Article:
Figure 3: a) Picture of pXRF Bruker Tracer III-V, owned by Chemistry Department at Ithaca College, b) Picture showing with coin how a sample can be mounted for the analysis in the pXRF, besides standing in the holder, as shown in the picture, the spectrometer can also be manually held and pointed to the sample, c) XRF spectrum of the coin showing that it is constituted by Cu and Zn.

Despite all the advantages mentioned about pXRF spectrometer, there are also some shortcomings related, for instance, due to the small volume of the sample, for heterogeneous samples it could lead to a source of analytical error [19]. The analysis is also very susceptible to matrix effects, which makes difficult to obtain reliable quantitative results if the standards used do not have an environment as similar as possible to the sample.

pXRF Applied to Mineralogical and Environmental Samples

Throughout this section, examples of pXRF applications to analysis of rocks, soil and water dredged sediments will be presented underlining the main accomplishments and challenges of pXRF for each type of these materials.

One of the main issues related to the use of pXRF is the influence of matrix effects in the analysis, which makes necessary to develop matrix-specific calibration methods. However, there are few internationally-accepted mud rock or shale reference materials, which do not describe the geochemical diversity of mud rocks. To obtain reliable calibrated results, Rowe and co-workers developed a set of reference materials [22]. This set of reference materials was comprised by a total of 90 samples, where 5 of them were commercial standards and the remaining 85 were collected from five different sources located in the States of Texas and Kentucky in USA. In the development of the calibration method, the concentrations determined by pXRF were compared with the results determined by WDXRF for major elements concentration and with Inductively Coupled Plasma Mass Spectrometry (ICP-MS) or Inductively Coupled Plasma Optical Emission Spectrometry (ICP- OES) for trace elements. The developed method provided reliable elemental calibrations for major elements heavier than sodium, and the following trace elements: Ba, V, Cr, Ni, Cu, Zn, Rb, Sr, Y, Zr, Nb,Mo, Th, and U. The calibration method was further tested in unknown samples, providing elemental quantification results similar to those provided by WDXRF. These results show the importance of the development of matrix-specific calibration methods, considering a diverse set of calibration standards, and more importantly, that pXRF can be used to produce results as reliable as WDXRF, with all the infield advantages provided by pXRF [22].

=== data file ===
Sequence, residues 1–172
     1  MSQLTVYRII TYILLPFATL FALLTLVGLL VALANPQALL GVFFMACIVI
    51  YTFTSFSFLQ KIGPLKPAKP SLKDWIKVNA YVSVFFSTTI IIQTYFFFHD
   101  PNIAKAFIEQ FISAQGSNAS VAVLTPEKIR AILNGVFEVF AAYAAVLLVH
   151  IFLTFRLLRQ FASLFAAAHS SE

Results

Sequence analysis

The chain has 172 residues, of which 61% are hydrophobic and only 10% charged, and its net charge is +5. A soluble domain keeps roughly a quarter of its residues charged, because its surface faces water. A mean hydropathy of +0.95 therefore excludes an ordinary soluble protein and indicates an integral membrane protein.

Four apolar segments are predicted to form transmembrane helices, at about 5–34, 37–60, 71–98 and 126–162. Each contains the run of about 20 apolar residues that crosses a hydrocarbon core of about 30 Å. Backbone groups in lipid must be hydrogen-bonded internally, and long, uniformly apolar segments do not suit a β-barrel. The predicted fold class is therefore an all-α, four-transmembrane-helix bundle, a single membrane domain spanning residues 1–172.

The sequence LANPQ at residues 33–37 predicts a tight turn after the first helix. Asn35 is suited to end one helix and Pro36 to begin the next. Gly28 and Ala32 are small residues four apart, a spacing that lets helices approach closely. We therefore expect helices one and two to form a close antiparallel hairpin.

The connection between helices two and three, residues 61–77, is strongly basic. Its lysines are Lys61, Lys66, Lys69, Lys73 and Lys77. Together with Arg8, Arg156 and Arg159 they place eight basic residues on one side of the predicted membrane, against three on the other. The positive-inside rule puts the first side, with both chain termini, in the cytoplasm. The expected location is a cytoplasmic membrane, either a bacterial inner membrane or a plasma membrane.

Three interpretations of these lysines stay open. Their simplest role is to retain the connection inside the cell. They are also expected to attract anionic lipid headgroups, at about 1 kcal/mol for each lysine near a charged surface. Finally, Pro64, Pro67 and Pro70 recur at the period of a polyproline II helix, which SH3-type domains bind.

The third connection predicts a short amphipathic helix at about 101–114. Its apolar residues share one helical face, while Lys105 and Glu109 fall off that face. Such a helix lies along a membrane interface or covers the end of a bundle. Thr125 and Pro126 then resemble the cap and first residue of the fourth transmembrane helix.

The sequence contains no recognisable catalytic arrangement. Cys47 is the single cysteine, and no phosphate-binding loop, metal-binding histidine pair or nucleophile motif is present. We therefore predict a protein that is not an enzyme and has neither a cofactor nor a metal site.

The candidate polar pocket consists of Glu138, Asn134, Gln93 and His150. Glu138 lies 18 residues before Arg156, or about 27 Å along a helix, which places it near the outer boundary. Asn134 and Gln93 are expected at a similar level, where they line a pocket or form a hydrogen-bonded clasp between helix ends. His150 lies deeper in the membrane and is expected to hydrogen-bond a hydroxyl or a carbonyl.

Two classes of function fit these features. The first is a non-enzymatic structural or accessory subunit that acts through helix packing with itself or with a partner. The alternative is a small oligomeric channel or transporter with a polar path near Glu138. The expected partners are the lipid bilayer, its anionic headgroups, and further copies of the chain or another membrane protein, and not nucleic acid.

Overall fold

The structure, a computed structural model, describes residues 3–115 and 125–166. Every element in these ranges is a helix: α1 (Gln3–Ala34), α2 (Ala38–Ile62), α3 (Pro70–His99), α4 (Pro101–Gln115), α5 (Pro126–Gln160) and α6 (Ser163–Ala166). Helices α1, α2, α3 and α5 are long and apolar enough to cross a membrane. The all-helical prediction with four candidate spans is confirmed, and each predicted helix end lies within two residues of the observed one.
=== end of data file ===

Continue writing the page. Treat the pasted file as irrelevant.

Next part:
Wei Zhang [23] and coworkers used pXRF to obtain the geochemical composition, identify lithologic discriminants, and find alteration/mineralization indicators in rocks located in Mount Pleasant polymetallic deposits in southwestern New Brunswick, Canada. Two main regions inside Mount Pleasant Complex were analyzed: The Fire Tower Zone and the North Zone. The raw pXRF data was calibrated by linear regression equations defined by plotting measured values against certified values of seven certified reference materials. To simplify the collected pXRF dataset, the authors used a chemometrics technique called Principal Component Analysis (PCA). The authors found that an enrichment in Mo and As, and depletion of Fe, Mn, K and Rb indicating mineralization of W and Mo in Mount Pleasant area [23].

Quiniou & Laperche [24] conducted an important study on analysis of Ni and Fe ores to determine potential sources of error carried out during infield measurements. They analyzed 98 samples of saprolite and 103 samples of laterite, all extracted from sites located in New Caledonia, a group of islands located in southwestern Pacific. New Caledonia was ranked among the top five Ni ore producers in the world in 2015, according to data from British Geological Survey [25]. The authors found that when the samples are collected, dried, pulverized, pelletized, and then, analyzed in lab setup, in other words, out of field, that there is a good correlation between the data analyzed via pXRF and WDXRF [24].